Not one of my neighbors offered to help, or even said hello. One closed the door in my face as I labored with a heavy box (damn National Geographic collection!). Another actually stood hiding behind his truck (I saw his shadow behind me) trying to avoid making eye contact lest I ask for help. I mean, I wouldn't ask for help, but Jesus, is the thought of being neighborly so frickin' odious that a grown man needs to hide behind his truck??

My neighbors upstairs take the cake, though. One guy is very slick and chatty and never home. I've gathered that the lease is in his name (the landlord seems to think only one guy lives there... one guy with a Samoyed, which is what he told him). In any case, Mr. Absentia has not one Samoyed but rather two Great Pyrenese puppies around a year old. Mr. Absentia was away when I moved in, "visiting his ex-wife in Washington" according to his roommate, whom I'll call Glub because it suits him. Glub does not appear to groom, or even wash regularly, and moves at a rate that would make a snail roll its eyes. It appears to me that car salesman-y Mr. Absentia found Glub drinking in a bar or downing Chalupas at the nearby Taco Bell Express and said "hey man! let's be roomies!" and then saddled Glub with perpetual dog-sitting. (Mr. Absentia, for the record, is currently in Hawaii for two weeks, or so he told me before disappearing again.)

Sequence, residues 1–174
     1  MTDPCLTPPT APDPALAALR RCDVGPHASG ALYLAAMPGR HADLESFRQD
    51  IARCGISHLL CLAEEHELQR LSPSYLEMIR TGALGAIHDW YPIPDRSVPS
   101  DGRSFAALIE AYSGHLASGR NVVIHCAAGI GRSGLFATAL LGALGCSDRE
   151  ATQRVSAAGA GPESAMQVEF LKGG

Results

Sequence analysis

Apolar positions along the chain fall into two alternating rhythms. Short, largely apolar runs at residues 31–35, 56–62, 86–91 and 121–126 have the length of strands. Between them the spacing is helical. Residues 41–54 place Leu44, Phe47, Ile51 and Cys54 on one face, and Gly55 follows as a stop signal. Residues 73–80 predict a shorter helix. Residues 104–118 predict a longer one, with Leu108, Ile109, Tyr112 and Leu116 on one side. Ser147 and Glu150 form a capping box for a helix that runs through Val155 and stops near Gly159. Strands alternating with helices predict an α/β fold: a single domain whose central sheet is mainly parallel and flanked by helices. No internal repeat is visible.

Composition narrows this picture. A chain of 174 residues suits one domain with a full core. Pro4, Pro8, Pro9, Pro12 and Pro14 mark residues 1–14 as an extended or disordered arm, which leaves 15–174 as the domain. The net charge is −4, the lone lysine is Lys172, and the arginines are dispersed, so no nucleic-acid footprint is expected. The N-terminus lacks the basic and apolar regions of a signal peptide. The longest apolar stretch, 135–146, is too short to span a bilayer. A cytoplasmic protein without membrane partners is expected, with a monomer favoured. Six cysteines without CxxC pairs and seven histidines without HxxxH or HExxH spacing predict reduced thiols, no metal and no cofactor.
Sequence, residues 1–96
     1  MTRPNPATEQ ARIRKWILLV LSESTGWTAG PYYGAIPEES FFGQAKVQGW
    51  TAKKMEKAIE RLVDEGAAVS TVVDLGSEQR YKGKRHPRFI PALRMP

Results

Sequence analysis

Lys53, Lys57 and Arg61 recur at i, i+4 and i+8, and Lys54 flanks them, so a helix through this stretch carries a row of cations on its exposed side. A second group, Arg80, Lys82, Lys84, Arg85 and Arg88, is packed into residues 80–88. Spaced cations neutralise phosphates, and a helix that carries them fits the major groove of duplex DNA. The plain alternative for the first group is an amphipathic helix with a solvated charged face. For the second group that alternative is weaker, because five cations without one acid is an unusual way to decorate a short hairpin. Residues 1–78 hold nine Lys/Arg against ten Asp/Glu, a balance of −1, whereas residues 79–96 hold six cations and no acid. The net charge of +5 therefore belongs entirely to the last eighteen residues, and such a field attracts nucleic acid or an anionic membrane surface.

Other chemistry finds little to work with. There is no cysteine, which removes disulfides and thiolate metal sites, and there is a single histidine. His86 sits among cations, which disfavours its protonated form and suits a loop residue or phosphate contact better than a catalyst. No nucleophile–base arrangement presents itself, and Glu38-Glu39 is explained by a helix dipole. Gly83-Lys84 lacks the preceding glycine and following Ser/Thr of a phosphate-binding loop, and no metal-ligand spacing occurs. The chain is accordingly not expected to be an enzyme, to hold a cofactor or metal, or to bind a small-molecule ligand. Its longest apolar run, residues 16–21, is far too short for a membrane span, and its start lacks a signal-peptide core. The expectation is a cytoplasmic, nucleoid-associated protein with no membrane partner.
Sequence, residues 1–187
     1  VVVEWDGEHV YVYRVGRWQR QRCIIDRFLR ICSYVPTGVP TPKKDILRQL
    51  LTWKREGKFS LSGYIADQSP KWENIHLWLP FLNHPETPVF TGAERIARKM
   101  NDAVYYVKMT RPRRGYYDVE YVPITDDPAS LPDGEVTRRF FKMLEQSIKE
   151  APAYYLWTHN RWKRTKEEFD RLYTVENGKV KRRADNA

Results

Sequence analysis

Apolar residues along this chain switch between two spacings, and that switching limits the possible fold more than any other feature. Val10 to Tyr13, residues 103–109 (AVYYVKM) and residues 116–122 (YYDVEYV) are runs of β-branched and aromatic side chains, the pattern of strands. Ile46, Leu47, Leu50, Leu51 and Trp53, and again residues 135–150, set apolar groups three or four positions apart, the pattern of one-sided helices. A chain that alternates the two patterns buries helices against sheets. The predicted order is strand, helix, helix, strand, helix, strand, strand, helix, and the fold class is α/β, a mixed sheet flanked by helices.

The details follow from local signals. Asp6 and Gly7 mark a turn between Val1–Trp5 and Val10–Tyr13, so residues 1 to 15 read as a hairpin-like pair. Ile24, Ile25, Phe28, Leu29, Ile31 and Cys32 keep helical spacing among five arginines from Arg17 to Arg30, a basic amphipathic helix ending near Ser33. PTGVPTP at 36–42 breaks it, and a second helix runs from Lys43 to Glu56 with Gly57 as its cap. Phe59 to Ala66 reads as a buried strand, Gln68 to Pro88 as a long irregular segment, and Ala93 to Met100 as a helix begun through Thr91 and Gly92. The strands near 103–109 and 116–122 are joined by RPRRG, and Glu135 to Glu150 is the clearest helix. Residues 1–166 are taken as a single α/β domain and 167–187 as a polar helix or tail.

Glub, it would seem, not only doesn't like dogs, but doesn't know what to do with them. When I moved in, he was keeping the dogs out all day on the balcony, without shelter. Dogs being dogs, especially puppies, they pooped and peed when they felt like it. And all their poopage and peeage dripped down onto my deck, directly below. Not only did it stink to high heaven, but before I realized what was happening, some of my boxes and my bike pump got dumped on. Ugh.

Nothing was ruined, but as someone who tries to be a responsible dog owner, I got really wrapped around the axle. I went upstairs and yelled at Glub, who was apologetic but also seemed genuinely surprised that the dogs would poop and pee if left out all day.

Then Glub tried leaving the dogs in the poorly fenced yard behind our building all day. Several times I or another neighbor wound up running around trying to wrangle the dogs back after they jumped the fence or simply pushed through one of the gaping holes in it.

Again, Glub seemed shocked, shocked I tell you, that the dogs had gotten loose. Repeatedly. Several days in a row.

Glub has been keeping the dogs inside since then, but three times this week, now that Mr. Absentia is away again, when I got home and opened the hallway door, it stank so badly of poop and pee that I nearly passed out. I know it's not Wiley, so I think Glub is now letting the dogs do their business in the hall or something. Or maybe he's the one peeing and pooping. From the look of him, I wouldn't be surprised.

It's too bad, because they're nice dogs and I like them, even though their main leisure activity seems to be rolling a bowling ball around over my head and barking, for hours on end, when Glub goes wherever he goes at night for a cold one and a Chalupa.

Then there's Keith, my next-door neighbor, a portly trucker in his 50s who swaggered his way over John Wayne-style my third day here and announced "You better clean up after your dog. I've already had a few go-rounds dealing with them," waving his hand in the general direction of Glub and Mr. Absentia's unit.

I said "Yeah? Well, you haven't dealt with me yet. Hi, my name is [Pirate]. Nice to meet you, neighbor. And, by the way, what did you say your name was?"